Since hands play a major role in the daily activities, foreign bodies are commonly noted in the soft tissues. Some of them are opaque and some lucent. This foreign body may penetrate the bone and invoke a lytic lesion (Figure 9a).

 

Epidermoid cyst of the distal phalanx

These are pseudo tumors, most probably of traumatic origin. Radiologically, it is a lucent lesion with well defined sclerotic margin. Associated soft tissue swelling doesn’t show any mineralisation. Typically it occurs in the distal phalanx (Figure 9b).

Figure 9: (a) Foreign body granuloma, (b) Epidermoid cyst of the distal phalanx.


Endocrinal and metabolic

Brown tumor – Hyperparathyroidism

In primary and secondary hyperparathyroidism, absorption of the bone is common and one of the focal manifestations is brown tumor [9]. Radiologically, it is a benign lytic lesion with no reactive sclerosis or periosteal reaction. The other phalanges may show subperiosteal resorption and resorption of the tufts which give a clue to the diagnosis (Figure 10).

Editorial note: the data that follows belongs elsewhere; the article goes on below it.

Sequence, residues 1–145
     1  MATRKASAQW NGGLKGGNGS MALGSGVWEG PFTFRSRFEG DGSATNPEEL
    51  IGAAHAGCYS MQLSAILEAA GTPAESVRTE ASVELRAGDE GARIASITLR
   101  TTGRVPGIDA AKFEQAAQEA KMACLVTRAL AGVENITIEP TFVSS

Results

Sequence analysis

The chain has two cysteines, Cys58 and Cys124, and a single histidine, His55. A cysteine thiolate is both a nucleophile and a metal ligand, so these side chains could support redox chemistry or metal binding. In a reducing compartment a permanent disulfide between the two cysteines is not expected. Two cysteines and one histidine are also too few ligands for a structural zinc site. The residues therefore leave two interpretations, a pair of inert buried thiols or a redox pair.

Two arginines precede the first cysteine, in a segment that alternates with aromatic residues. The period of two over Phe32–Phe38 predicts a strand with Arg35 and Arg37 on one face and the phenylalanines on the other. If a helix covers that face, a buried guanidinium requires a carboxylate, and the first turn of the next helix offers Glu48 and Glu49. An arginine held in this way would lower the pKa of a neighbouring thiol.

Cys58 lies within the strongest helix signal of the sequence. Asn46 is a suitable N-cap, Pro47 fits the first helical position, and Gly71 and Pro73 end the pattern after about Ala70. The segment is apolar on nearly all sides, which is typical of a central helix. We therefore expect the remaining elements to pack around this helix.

Figure 10: Brown Tumor of hyperparathyroidism; (a) brown tumor involving the head of the 4th metacarpal, (b) distal phalanx of index finger.

 

Gout and pseudo gout

Among the crystal deposition disorders, gout and pseudo gout are relatively common. Monosodium urate crystals characterise gout. Radiologically, first toe is the common site but hands and wrists also can be involved. Eccentric erosions with overhanging edges associated with a soft tissue swelling are the common manifestations noted in the joints and is often asymmetrical (Figure 11a, b). Pseudo gout may clinically resemble gout. Calcium pyrophosphate dihadrate crystals are deposited in the articular cartilages, synovium and other paraarticular structures [10]. This may lead to degenerative changes in the joints of the hand and wrist. Radiologically, calcifications of the articular cartilages and paraarticular structures are noted along with degenerative changes (Figure 12).